I am dogmatically committed to being uncommitted to dogma.
As a matter of principle I do not regard any of my beliefs as anything other than provisionary conceptual maps with which I attempt to navigate this vast mysterious sea of being we call “reality.”
All philosophy becomes dangerous when we relinquish our responsibility to think critically in exchange for the security of dogma.
The danger of dogmatism is not that all tenets are untrue, but that truth itself becomes destructive when embraced without scrutiny, used without understanding, and advocated without tolerance for disagreement.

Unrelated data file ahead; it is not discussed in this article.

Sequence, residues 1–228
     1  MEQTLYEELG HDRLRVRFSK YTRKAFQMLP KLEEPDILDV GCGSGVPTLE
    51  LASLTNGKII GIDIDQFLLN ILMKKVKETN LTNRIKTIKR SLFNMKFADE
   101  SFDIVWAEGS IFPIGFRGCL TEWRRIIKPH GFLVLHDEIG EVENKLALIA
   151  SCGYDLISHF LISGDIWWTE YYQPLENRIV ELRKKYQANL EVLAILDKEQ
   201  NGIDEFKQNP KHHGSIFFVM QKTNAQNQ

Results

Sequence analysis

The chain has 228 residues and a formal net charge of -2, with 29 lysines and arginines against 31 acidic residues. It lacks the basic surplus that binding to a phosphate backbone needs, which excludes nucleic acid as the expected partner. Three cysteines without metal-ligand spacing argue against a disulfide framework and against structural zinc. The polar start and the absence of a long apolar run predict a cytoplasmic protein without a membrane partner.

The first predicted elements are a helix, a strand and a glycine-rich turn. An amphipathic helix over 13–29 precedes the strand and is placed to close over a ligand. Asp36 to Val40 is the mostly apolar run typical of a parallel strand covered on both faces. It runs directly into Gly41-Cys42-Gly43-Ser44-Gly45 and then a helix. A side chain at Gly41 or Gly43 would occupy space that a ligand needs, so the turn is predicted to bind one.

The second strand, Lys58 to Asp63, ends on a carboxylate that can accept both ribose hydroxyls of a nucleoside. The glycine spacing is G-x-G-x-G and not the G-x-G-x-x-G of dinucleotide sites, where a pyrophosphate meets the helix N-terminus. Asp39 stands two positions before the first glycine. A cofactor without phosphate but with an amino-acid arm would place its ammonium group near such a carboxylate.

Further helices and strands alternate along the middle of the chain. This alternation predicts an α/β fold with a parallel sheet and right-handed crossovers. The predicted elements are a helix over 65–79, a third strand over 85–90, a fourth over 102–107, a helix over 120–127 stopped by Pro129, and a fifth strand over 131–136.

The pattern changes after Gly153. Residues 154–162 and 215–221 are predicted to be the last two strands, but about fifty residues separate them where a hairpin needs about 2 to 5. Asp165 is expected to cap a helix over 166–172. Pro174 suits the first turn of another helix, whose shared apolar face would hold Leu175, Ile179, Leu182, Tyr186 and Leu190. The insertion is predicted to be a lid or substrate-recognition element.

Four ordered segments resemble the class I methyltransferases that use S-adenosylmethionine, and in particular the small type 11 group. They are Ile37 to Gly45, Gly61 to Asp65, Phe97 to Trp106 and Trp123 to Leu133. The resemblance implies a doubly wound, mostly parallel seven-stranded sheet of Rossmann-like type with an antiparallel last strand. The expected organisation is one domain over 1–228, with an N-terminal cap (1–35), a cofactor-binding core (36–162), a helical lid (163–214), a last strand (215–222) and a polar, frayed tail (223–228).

Dogmatism transforms the very truth whose power can set us free into a prison that limits the mind from further inquiry and future discovery.
T.S. Elliot wrote, “The last temptation is the greatest treason: to do the right deed for the wrong reason.”
We owe it to ourselves to not only seek ideas which seem to be good, true, and just, but to also form our beliefs in those ideas with intellectual integrity.
We must extol, above even our most cherished ideologies, the epistemic virtue of thinking for ourselves.